|WikiProject Japan||(Rated Start-class, Mid-importance)|
Someone went a little overboard on the sub-articles. It shouldn't be called Hana flower kanzashi, it should be either Hana kanzashi or Flower kanzashi. Also, do all of those sub pages really need to point to everything relating to traditional Japanese culture? If the links can't be worked into the body text (on the sub pages, mind you) they probably don't belong. (I'm noting this here because I'm too busy to fix all these pages myself, although I might.) Bigpeteb 20:26, 5 Oct 2004 (UTC)
The "Basic Kanzashi" section contained incorrect information stating that Obi (Dome) were kanzashi. An Obi is the sash worn with kimono - and an Obi Dome is the jewelled accessory worn by maiko on their obi - not in their hair. The correct name for this particular kanzashi is Kanoko Dome. I edited the article to fix this and also included additional information about Kakoko Dome. --Immortalgeisha 19:52, 29 December 2005 (UTC)
There's also been a recent boom in kanzashi makers abroad. There are many people who wish to make "authentic" Japanese hairpins, and then there are others who wish to make it a more modern, approachable art. Thoughts on authenticity? Also, is kanzashi an art? —Preceding unsigned comment added by 18.104.22.168 (talk) 06:55, 6 April 2009 (UTC)
Isn't Kanzashi just a Japanese style of hairpin? It has been used in China for more than 2000 years, recorded in the Records of the Grand Historian. Hairpin was used for every men and women in ancient China before Qing Dynasty, and only used by women after that. The character 簪(Kanzashi) is used in both Chinese and Japanese represents hairpin, even not specific Japanese style.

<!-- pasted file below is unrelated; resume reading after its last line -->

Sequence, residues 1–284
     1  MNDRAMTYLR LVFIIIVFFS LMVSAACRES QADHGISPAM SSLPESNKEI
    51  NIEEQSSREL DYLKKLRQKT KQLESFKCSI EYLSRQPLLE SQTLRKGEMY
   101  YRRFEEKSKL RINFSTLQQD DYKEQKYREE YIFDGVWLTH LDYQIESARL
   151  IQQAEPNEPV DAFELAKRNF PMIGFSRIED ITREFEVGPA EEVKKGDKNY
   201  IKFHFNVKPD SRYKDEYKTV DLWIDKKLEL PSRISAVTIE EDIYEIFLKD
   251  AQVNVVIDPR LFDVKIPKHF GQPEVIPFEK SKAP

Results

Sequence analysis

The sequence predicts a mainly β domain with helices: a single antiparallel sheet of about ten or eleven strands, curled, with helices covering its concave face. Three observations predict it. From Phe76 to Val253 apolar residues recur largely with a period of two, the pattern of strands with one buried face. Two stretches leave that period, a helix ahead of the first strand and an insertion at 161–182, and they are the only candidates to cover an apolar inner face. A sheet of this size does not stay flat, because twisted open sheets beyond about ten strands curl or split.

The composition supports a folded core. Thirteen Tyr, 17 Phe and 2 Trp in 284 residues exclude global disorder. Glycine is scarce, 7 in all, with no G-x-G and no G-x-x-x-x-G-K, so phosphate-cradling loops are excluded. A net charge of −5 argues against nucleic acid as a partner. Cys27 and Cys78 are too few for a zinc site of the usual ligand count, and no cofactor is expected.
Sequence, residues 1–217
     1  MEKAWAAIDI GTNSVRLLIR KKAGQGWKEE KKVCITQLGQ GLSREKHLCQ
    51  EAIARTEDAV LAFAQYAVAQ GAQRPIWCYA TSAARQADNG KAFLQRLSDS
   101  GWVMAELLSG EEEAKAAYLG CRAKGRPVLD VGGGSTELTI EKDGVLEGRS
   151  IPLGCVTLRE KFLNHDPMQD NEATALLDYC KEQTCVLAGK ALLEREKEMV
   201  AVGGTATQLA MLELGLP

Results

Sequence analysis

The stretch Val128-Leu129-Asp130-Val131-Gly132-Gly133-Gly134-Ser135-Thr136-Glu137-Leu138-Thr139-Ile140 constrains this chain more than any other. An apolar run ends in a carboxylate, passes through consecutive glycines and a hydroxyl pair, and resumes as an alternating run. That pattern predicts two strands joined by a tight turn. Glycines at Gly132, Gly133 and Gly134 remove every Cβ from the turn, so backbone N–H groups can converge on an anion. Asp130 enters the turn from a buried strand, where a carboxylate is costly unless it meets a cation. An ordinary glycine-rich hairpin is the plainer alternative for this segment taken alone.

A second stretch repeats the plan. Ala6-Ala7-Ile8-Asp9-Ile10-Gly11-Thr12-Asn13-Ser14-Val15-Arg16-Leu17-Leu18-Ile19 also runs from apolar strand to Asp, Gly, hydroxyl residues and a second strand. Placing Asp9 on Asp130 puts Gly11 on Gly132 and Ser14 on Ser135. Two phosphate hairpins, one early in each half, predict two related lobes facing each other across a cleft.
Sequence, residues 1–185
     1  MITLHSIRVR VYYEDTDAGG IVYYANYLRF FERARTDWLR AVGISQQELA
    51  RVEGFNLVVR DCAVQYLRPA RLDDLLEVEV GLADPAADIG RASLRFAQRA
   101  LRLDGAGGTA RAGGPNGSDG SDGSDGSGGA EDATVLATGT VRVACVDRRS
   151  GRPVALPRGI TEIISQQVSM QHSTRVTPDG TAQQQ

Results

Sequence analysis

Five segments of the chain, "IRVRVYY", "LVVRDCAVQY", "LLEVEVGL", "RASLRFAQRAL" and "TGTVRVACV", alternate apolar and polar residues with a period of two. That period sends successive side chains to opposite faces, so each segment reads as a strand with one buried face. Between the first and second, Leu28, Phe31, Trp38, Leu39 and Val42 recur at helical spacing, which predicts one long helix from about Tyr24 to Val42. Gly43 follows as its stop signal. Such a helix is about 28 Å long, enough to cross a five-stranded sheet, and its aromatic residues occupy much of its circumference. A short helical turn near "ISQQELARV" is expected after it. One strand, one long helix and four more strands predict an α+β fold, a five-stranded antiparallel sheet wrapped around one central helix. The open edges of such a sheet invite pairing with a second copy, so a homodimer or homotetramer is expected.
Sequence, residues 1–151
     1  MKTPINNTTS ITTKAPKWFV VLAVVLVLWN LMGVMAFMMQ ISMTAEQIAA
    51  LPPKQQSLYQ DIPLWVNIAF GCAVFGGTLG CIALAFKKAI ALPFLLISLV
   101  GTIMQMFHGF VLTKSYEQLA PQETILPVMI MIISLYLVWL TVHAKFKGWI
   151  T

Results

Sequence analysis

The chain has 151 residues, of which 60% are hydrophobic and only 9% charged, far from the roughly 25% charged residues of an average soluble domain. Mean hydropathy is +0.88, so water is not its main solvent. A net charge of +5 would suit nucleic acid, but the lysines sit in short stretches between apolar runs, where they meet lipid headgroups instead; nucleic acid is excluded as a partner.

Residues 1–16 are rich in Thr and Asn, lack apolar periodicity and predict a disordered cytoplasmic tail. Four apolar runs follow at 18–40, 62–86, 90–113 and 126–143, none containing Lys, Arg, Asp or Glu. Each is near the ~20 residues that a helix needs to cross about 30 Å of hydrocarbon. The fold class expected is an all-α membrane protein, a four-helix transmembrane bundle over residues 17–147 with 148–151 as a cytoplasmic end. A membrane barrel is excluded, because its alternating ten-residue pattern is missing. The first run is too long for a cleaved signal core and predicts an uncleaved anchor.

So I suggest to move this topic to hairpin, or Japanese hairpin. -- Flywhc 15:15, 31 October 2007 (UTC)
- Totally agree with you!!As Kanzashi was spread to Japan from china during Nara period(The character 簪 is completely a chinese word)22.214.171.124 16:24, 2 November 2007 (UTC)
- I dont understand what's wrong here. you said yourself this is just a japanese variation of a hairpin, you could easily create another page for chinese hairpins. these are distinct enough and with enough extensive information to warrant its own article for its own variation.
Agreed. While it should be stated in the article that it came from China, calling it un-Japanese would be like saying that Kanji was stolen from China, and that Nihongo is actually <insert Chinese language of the early empire here>Pressondude (talk) 00:00, 27 April 2009 (UTC)
I've completely rewritten the bizarrely chauvinistic paragraph about tsumami kanzashi while trying to stick to its general gist (cultural significance and credentials) and add references. I kinda think the whole paragraph should be moved out of the general "History" section, but that would probably require retitling/rewriting the "Hana/seasonal kanzashi" sections and/or splitting them off into a separate article. -- Wombat1138 (talk) 22:53, 14 February 2012 (UTC)
- Also found and added a reference that contradicts the now-deleted statement "There are many amateurs who make modern kanzashi, but only those who receive classical training are allowed to commercially sell, strictly under the National designated master's permission", which implies that modern kanzashi cannot be commercially sold in Japan by anyone who has not undergone full professional certification. It's possible that the actual intended meaning was "Only traditionally-trained artisans are allowed to sell their kanzashi labelled as products of a certified master'-- haven't found any refs wrt certification/labelling so far. --Wombat1138 (talk) 12:59, 15 February 2012 (UTC)